It is not normal open sequince due the one of the concats did not exitished the arc before the main knife blade start to swing open and the SF-6 gas should be in there and if that the case then that breaker you see on the youtube video that is double SF-6 breakers in series and it must work together to disconnect the current simitulsly { at the same time } and I think what happend that time one of the concats did not break in proper sequince as other two did work fine but not the third one as you see.

Rob can fill you in little more details if he have time with it.

Merci,Marc
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Old 07-22-2009, 10:25 PM   #28
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Originally Posted by frenchelectrican View Post
No.,
It is not normal open sequince due the one of the concats did not exitished the arc before the main knife blade start to swing open and the SF-6 gas should be in there and if that the case then that breaker you see on the youtube video that is double SF-6 breakers in series and it must work together to disconnect the current simitulsly { at the same time } and I think what happend that time one of the concats did not break in proper sequince as other two did work fine but not the third one as you see.

Rob can fill you in little more details if he have time with it.

Merci,Marc
I see it now. The other two phases didn't do it. Gotcha. I wonder why they were video taping this unless they expected it to fail? Also, look at the far right side when it zooms out. At the front of the truck one of the guys is hiding out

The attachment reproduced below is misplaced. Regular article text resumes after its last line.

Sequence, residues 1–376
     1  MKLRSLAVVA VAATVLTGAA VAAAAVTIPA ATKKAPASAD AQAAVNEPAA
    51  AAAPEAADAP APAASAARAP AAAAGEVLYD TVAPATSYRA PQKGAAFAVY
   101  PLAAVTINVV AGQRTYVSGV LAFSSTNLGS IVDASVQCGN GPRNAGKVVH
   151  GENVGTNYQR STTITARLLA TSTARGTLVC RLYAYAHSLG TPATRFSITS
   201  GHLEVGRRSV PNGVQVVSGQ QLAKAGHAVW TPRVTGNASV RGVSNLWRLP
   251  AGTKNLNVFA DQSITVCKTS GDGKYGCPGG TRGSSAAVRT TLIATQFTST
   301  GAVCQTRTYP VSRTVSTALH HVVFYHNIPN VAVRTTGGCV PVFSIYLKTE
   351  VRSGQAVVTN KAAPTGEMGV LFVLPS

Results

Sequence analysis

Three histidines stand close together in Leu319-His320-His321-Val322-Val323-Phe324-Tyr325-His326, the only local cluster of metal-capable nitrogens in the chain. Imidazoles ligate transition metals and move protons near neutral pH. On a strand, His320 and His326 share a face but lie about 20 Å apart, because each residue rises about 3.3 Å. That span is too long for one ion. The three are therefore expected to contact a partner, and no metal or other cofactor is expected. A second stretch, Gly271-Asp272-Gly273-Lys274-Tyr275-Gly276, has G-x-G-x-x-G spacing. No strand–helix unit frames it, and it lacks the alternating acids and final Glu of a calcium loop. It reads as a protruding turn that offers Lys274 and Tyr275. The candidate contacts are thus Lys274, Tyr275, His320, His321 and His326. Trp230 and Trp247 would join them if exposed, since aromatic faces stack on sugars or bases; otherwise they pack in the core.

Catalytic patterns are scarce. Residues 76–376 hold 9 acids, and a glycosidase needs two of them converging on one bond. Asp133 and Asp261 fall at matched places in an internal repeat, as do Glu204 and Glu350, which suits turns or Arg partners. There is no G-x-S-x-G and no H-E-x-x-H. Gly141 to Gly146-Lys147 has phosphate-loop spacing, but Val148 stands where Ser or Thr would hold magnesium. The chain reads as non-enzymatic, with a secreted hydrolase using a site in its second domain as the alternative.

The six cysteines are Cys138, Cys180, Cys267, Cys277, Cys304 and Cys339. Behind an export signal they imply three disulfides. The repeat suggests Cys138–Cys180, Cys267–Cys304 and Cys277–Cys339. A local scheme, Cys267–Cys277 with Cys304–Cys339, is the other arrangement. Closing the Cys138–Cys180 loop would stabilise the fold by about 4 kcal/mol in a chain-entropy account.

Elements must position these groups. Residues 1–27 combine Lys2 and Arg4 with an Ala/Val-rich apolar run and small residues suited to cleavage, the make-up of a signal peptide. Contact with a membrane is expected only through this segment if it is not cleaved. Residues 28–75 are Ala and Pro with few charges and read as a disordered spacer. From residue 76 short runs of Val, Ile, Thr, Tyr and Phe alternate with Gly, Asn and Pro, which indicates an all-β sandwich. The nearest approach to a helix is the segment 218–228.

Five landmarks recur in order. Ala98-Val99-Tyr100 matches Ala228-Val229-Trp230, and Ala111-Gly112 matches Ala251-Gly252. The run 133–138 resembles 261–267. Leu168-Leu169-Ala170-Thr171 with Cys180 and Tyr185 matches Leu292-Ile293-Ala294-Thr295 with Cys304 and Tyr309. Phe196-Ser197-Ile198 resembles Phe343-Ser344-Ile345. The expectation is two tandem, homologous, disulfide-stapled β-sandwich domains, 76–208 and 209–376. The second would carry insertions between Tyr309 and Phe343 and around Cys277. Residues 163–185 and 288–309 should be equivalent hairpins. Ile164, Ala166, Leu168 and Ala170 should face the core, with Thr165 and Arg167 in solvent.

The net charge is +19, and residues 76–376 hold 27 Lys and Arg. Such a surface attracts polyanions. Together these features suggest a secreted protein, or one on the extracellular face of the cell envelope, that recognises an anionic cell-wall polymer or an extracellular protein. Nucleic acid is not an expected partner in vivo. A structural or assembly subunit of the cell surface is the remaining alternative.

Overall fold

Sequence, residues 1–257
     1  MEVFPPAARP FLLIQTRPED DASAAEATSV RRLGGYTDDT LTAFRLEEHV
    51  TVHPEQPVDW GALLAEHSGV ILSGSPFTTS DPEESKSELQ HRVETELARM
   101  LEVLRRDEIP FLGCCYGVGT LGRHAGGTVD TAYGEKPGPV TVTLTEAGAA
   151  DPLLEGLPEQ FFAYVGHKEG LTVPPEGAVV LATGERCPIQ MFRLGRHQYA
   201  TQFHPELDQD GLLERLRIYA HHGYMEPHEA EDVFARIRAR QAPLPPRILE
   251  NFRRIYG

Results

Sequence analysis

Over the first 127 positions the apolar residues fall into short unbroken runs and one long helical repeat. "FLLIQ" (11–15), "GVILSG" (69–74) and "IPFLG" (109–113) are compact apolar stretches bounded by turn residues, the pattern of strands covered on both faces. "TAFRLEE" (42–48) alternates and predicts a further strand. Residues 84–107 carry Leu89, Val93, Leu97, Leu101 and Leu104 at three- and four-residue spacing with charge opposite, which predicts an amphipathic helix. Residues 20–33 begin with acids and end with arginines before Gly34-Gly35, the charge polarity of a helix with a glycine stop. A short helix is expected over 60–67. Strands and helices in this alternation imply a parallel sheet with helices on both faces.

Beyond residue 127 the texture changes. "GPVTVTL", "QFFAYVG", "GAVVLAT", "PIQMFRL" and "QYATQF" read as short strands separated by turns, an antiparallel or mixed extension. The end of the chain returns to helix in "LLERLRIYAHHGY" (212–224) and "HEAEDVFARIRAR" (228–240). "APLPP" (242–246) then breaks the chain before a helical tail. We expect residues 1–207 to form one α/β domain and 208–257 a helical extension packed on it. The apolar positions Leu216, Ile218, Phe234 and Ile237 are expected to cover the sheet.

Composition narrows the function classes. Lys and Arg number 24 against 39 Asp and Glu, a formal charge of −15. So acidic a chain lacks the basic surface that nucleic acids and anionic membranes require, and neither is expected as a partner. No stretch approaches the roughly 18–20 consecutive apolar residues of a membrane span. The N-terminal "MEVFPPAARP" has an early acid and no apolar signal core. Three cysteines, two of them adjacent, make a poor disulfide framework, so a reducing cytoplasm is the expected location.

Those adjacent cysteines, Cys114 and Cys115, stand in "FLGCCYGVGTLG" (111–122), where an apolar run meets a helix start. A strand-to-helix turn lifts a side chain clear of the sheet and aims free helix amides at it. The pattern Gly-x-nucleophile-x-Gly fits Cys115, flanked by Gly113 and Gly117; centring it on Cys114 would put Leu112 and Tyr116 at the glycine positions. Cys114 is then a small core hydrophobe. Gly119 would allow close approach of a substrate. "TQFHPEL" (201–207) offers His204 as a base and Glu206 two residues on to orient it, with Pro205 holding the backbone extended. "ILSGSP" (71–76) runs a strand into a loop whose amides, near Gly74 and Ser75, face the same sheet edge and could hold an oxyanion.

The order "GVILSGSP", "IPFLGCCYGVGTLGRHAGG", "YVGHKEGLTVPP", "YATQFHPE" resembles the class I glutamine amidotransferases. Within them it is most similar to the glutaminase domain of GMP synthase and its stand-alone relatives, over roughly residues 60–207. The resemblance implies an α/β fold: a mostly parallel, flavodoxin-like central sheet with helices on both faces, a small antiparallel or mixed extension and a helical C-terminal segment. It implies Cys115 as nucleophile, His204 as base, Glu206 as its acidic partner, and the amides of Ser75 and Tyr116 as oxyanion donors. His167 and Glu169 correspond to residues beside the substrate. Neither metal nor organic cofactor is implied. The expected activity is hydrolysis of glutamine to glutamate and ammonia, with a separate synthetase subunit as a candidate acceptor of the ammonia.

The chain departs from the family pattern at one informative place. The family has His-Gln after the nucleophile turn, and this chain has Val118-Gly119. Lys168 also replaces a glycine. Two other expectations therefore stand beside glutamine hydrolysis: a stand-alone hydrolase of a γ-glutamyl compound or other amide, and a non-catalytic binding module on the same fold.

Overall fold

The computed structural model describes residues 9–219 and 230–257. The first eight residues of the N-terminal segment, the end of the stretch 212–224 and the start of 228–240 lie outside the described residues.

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Old 07-22-2009, 11:38 PM   #29
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You can see the arc established across the SF6 bottle before the switch opens. If memory serves, this was intentionally shorted out for the demo (hence the camera in the right place at the right time).
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Old 07-23-2009, 08:00 PM   #30
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You can see the arc established across the SF6 bottle before the switch opens. If memory serves, this was intentionally shorted out for the demo (hence the camera in the right place at the right time).

Not excatally intentinally shorted out and this is a reactor capaitor and they draw little current IIRC I think about 10 to 20 amp the most when first engerized up then it tapered down once you get more load on it.

( the reactor capaitor is used on end of the transmisson lines to control the open circuit voltage )

That test I am not sure excat number of amparage it was running thru the SF-6 breakers but one thing for sure it is not much current there.

If it was much higher current the arc flash will be much brighter and louder as well.

Merci,Marc